07 February 2012 ~ 0 Comments

The Yin and Yang of Collaboration, is it really Me versus We?

 

 

A recent NY Times Opinion piece on collaboration, the “New Group Think”, questions whether collaboration, group work and team based ideation, are less effective than working privately and autonomously? For instance, when should we work alone and when is a team based approach more effective?

After reading it, my question is, is there a need to pit individual work against team co-creation as both are necessary to solving large scale problems? If one person could easily create a solution on their own, then why would they need to collaborate with others? It is the very nature of the problem sets we all are engaged in solving, that collaborative is absolutely necessary.

At Edistorm, we regularly communicate with “stormers” in our customer discovery process. It’s how we dig deeper with our users to better understand the problems they are trying to solve by using Edistorm. Second, it gives them a better understanding of how Edistorm works and how they can better use our platform of tools more effectively.

The one thing which has become obvious over the past six months of an intense customer discover process; Our subscribers are using Edistorm synchronously and asynchronously. Meaning they are working with their teams and also working autonomously, doing their own thinking and problem solving. Ultimately, all of these ideas collide in their “storms” as teams work through their processes and find solutions.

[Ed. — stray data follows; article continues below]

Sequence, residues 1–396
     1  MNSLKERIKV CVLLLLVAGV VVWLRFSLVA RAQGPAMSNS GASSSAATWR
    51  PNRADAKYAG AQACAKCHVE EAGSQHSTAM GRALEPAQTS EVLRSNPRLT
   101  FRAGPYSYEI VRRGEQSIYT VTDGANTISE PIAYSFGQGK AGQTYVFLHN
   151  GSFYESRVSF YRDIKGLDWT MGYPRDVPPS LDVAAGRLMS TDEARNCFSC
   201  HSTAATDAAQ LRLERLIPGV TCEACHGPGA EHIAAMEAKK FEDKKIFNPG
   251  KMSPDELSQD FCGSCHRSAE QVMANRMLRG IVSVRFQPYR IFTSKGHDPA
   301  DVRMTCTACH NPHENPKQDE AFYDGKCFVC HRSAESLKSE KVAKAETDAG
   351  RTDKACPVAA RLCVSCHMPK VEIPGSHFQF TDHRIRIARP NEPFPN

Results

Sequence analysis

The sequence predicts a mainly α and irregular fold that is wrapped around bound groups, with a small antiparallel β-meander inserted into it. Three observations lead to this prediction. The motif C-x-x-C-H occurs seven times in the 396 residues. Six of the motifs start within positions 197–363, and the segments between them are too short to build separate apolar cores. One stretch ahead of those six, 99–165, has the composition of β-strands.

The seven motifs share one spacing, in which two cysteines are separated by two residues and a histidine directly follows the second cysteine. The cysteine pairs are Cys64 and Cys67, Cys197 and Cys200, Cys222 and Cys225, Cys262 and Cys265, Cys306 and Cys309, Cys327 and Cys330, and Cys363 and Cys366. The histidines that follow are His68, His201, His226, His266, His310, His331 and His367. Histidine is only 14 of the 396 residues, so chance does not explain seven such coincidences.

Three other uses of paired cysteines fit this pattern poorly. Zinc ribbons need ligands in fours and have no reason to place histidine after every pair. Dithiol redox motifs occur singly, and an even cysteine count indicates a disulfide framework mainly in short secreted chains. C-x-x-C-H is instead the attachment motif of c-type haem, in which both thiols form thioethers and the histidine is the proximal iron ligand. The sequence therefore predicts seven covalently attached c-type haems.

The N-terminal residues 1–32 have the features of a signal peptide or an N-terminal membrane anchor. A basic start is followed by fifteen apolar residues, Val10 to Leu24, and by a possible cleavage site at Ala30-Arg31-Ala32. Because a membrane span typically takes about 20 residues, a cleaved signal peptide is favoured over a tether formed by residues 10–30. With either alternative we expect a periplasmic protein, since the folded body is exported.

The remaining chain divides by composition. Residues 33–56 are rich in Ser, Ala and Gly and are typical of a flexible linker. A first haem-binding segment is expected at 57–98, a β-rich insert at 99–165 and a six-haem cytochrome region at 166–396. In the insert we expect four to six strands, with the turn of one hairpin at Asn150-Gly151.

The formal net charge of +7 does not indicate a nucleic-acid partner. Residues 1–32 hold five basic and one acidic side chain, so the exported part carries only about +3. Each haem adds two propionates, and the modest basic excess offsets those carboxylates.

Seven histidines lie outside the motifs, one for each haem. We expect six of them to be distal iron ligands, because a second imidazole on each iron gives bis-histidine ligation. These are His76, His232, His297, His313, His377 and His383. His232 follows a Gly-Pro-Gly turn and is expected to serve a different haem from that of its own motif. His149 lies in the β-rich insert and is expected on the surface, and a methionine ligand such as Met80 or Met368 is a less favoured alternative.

What we found most striking in the opinion piece, is the passage below.

And I’m not suggesting that we abolish teamwork. Indeed, recent studies suggest that influential academic work is increasingly conducted by teams rather than by individuals. (Although teams whose members collaborate remotely, from separate universities, appear to be the most influential of all.) The problems we face in science, economics and many other fields are more complex than ever before, and we’ll need to stand on one another’s shoulders if we can possibly hope to solve them.

While the above passage cites studies based on academic work, our client experience suggests that great work is being done remotely, autonomously and collaboratively in the enterprise space as well.

We regularly communicate with companies globally, who have similar needs for tools that will enable them to collaborate, share ideas and work remotely. We have users in 115+ countries who find Edistorm on their own, as we barely spend any time on finding our customers. A testament that many people world wide are seeking tools which enable them to work both remotely, autonomously and collaboratively.

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